US report: Threat groups ‘strain’ AFP’s resources
A report from the United States Department of Defense Lead Inspector General said threat groups “strain” the Armed Forces of the Philippines’ (AFP) “limited” resources on counterterrorism.
The quarterly report of the Lead Inspector General for the US’ Operation
Pacific Eagle- Philippines was released at a time when the Philippines’ military chief insists that the Philippines can rely on its own strength after the termination of the Visiting Forces Agreement (VFA) with the US.
The report, which was submitted to the US Congress, identified the threat groups as the Islamic State East Asia (ISIS-EA) terrorist organizations and the communist New People’s Army (NPA).
“While there have been no reports of coordination between the NPA and ISIS-EA, the separate threats strain the AFP’s limited counterterrorism resources,” the report said.
It also cited a note from the Defense Intelligence Agency, which previously mentioned that the AFP “operates under tight budgetary, resource and capability constraints, and its leadership often faces challenges balancing the operational demands of combating the separate communist and Islamist insurgencies.”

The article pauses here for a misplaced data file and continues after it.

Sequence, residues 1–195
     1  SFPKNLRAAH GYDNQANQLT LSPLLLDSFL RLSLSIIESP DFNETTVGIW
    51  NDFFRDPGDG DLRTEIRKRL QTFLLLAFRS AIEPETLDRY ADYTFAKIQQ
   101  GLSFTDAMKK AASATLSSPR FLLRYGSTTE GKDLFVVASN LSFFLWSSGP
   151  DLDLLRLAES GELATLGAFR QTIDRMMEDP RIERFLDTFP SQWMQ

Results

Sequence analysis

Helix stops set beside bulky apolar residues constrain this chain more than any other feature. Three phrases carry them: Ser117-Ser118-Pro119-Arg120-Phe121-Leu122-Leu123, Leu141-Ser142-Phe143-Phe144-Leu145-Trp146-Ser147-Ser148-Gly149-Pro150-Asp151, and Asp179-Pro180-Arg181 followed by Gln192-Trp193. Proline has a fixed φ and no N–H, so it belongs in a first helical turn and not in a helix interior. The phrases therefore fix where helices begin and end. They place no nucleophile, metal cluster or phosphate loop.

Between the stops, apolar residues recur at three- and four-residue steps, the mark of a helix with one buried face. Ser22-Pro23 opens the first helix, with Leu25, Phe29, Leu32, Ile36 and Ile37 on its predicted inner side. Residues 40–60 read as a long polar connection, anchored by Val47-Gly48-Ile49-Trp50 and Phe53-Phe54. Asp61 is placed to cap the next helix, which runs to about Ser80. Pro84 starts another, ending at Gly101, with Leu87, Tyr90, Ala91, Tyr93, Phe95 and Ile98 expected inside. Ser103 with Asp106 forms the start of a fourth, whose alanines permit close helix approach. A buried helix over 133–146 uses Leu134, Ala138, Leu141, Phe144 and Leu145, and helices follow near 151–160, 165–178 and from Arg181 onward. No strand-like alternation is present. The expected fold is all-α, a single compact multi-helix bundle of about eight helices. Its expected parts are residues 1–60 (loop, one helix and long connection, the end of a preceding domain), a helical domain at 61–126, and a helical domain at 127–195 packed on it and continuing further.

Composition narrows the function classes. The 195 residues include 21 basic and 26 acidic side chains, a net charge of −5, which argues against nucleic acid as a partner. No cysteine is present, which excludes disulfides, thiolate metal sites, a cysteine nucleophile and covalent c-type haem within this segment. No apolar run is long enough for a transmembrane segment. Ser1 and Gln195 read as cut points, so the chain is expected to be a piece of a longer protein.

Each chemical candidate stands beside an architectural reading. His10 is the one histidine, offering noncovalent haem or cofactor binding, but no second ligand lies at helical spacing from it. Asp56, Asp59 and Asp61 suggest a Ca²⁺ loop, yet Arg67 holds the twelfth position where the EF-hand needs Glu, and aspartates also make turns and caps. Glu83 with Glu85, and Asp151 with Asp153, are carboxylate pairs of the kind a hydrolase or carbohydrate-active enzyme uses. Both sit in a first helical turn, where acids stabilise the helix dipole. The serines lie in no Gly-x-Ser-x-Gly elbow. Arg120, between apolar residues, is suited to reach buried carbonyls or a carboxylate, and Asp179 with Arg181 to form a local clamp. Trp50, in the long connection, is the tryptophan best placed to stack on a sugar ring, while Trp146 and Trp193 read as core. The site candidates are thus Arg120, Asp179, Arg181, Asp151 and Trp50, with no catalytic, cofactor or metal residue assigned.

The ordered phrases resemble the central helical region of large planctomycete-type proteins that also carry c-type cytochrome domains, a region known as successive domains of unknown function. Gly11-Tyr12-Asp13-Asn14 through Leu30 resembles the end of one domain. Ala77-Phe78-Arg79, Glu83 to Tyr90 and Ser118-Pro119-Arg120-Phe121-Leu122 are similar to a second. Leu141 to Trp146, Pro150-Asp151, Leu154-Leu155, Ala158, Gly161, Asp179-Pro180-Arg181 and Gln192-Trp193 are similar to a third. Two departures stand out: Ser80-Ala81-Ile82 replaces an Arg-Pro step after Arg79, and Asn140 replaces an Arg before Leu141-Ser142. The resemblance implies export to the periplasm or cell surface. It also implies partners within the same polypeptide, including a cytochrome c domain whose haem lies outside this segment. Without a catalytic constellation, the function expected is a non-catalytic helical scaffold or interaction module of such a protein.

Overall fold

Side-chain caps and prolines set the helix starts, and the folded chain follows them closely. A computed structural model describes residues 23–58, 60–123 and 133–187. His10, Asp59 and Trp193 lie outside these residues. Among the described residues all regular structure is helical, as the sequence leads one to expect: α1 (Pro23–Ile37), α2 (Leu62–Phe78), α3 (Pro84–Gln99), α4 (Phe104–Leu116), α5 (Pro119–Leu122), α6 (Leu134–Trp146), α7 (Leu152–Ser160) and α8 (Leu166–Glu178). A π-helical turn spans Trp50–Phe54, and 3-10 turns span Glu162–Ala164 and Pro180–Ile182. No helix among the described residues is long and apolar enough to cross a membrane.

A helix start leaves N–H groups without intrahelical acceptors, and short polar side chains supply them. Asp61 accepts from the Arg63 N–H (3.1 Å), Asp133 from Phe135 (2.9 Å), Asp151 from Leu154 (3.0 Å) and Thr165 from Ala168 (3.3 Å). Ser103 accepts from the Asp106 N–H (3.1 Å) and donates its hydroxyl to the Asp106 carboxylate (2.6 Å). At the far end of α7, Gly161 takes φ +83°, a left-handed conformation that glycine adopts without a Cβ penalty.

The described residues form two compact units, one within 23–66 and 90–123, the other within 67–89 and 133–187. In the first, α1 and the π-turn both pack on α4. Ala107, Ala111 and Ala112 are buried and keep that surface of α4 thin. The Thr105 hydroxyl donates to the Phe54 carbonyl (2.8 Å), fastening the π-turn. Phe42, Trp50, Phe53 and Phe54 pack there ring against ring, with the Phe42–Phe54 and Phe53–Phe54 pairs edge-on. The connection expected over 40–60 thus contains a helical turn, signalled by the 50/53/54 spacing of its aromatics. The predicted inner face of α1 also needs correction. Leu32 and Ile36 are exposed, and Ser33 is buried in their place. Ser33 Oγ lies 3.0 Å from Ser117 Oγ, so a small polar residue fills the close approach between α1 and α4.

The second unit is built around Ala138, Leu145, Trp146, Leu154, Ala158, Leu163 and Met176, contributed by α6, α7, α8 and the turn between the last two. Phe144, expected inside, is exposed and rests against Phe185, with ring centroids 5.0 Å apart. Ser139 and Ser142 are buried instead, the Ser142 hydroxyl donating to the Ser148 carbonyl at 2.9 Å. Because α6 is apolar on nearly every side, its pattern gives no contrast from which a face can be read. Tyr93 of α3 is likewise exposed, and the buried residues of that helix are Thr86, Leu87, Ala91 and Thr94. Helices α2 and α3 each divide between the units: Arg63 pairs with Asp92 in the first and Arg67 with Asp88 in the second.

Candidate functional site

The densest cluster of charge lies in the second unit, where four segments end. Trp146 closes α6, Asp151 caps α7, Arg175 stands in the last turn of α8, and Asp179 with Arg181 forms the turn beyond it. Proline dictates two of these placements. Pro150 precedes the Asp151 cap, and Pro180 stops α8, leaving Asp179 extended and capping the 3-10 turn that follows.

Gen. Felimon Santos Jr., the Armed Forces chief of staff, has said in his interview at the Senate that the military “can move on” even without the VFA, noting how Manila came through when the bases agreement was scrapped in the 1990s.
But the US Department of Defense Lead Inspector General’s report cited that US forces had provided military advice and assistance in supporting the Philippine military’s fight against terrorists, mostly in Mindanao.
The assistance includes intelligence, surveillance and reconnaissance, targeting assistance for around 30 “high- valued” terrorists, which was reported to have led to the neutralization of two “significant targets” by the Philippine military.
Aside from limited resources in combating terrorism, the report also mentioned that the AFP had
“limited ability” in evacuating its patients by air.
It said the US Special Operations Command in the Pacific had employed contracted casualty evacuation assets in support of the Philippine military in instances that wounded Philippine soldiers must be transported to medical facilities “with higher level of care.”
“These aerial evacuations are most common for urgent and priority casualties in the remote, mountainous areas of Sulu, where the ASG (Abu Sayyaf Group) is most active,” the report added.
President Rodrigo Duterte ordered the VFA scrapped following the cancellation of the US visa of Sen. Ronald “Bato” dela Rosa, one of the President’s staunchest ally in the Senate.